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Ok guys I thought I'd take my old CS notes and look through compiler theory a little more. I have to say I can't for the life in me remember how all this stuff works but I do have a nice sample application from my college days that helps me understand a few things.

This sample application takes the made up language and compiles it down to an intermediate assembly code like language. There is then a simple VM implementation that takes this intermediate language and executes the statements.

The thing I cant get my head around is, if I this were a straight up interpretor and not a compiler would it still be building up these intermeditary commands in memory to be executed at the end. Or does an interpretor actually "execute" descreet sections of the code chunks at a time?

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You mean "interpreters" in place of "parsers" in the title, right? – Bill the Lizard Mar 6 '09 at 20:56
Thanks for that one :-). – Owen Mar 6 '09 at 20:59
up vote 1 down vote accepted

Parsers don't compile. There are actually quite a few steps involved when translating a program (from say a high level language like C++ to machine code). It depends on the design if it executes in one go or after multiple passes over the input. Can you make your question a bit more specific? Meanwhile, however much you hate it, have a look here -- specially the frontend and backend sections.

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Thanks for your help, do you know of any simple C#/Java interpretor that I could take a look at? – Owen Mar 6 '09 at 21:00
You have chosen some very complex languages. Start with something simple. May I suggest a stack based language like PostScript or Factor? – dirkgently Mar 6 '09 at 21:12
At the very least, a desk calculator. – dirkgently Mar 6 '09 at 21:14
Lol, no I did not mean an interpretor of C#/Java. I meant one written in these language. Yes, I would imagine that this is a little above me right now :-). – Owen Mar 6 '09 at 21:15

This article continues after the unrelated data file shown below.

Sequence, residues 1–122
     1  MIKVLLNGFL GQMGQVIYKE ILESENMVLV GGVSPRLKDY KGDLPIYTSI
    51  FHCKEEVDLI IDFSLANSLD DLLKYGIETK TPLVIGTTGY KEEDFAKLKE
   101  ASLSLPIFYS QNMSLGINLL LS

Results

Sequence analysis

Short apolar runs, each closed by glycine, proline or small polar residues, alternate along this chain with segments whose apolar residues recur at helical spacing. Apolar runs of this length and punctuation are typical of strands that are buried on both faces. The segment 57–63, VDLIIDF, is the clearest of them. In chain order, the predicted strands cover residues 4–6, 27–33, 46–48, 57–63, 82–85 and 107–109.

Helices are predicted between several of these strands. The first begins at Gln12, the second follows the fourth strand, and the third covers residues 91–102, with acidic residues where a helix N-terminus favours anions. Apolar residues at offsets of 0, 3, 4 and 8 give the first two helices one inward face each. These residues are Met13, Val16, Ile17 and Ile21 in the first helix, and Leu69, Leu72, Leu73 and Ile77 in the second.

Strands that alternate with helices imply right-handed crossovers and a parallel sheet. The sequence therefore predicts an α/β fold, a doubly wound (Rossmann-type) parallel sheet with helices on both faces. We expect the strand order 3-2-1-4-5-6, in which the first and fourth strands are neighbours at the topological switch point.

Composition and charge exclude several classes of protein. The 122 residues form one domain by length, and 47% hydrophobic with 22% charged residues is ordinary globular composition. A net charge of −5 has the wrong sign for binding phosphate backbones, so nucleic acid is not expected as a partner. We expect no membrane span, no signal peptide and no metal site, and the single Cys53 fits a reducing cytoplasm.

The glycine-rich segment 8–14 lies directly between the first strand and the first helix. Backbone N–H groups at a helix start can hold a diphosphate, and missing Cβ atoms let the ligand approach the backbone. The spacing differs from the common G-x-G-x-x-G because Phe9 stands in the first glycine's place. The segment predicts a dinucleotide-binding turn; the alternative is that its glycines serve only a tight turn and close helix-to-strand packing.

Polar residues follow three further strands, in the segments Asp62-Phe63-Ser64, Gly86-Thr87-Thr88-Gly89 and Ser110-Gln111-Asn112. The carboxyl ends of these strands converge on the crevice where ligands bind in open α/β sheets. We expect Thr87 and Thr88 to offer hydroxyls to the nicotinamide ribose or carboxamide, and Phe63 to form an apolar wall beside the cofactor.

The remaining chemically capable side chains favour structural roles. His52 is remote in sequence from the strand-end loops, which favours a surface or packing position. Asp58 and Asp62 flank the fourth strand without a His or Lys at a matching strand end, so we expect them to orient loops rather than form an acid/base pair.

I don't use either of these much. But there are a host of others around to help you along. This looks a good start -- – dirkgently Mar 6 '09 at 21:17

It depends on the language. Most modern interpreted languages (Perl, Python, and Ruby, to name a few) precompile the source code into some intermediary form to be executed at the end (citation).

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Is there an alternative? My goal is to write a very, VERY simple language parser and the thought of having to compile do to IL seems overkill somehow. – Owen Mar 6 '09 at 20:57
The problem is that you need something to execute your parsed commands. This is what perl, python, and java do for you. The only alternatives I know are to compile to machine code or target an existing "interpreter" (like the JVM). – Bill the Lizard Mar 6 '09 at 21:00
Not sure I follow you. What I mean is that the likes of the Java VM interpritate Javas IL. But if your core language is already very simple then why would an IL even be needed? – Owen Mar 6 '09 at 21:04
My fault. There's no absolute need for the IL. You could, for example, parse and execute your source one line at a time if you wanted. I wrote a simple calculator back in college that worked like this. – Bill the Lizard Mar 6 '09 at 21:08
You may not want to parse and execute at the same time. This can cause problems if you call a function that hasn't yet been defined, but is defined later on in a file. It might be best to translate it into some intermediate form, even internally, just so you get the full symbol table. Or something. – Chris Lutz Mar 6 '09 at 22:34

I have written or worked with interpreters that act directly upon parsing tokens in the input, that act directly on an abstract-syntax tree (AST) built by the parser, and that translate the AST to a form designed for efficient execution. So the answer is, it depends.

  • If your target machine has 8K of RAM, a direct-parsing interpreter would be a sensible choice (think FORTH).
  • If you are using interpreters to teach or learn about the structure and semantics of programming languages, building and interpreting an AST is a good choice.
  • If you are using an interpreter for portability and you want fast execution, compiling to a register-based virtual machine is a good choice. (David Gregg and others have shown there is less interpretive overhead in a register-based VM like the Lua VM than in a stack-based VM like the Java VM.)
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Might I add that Parrot seems to be kind of popular and new and shiny, and is also a register-based VM? A good idea for a VM to target maybe. – Chris Lutz Mar 6 '09 at 22:38

Most modern interpreters parse program to intermediate code which later is interpreted. Some store this intermediate code explicitly (eg. Python's .pyc). There are exceptions for example, shell scripts are directly interpreted, rather then parsed to intermediate format.

Some more advanced "interpreters" actually do not interpret, but do JIT (just-in-time) compiling (eg. Java or .NET).

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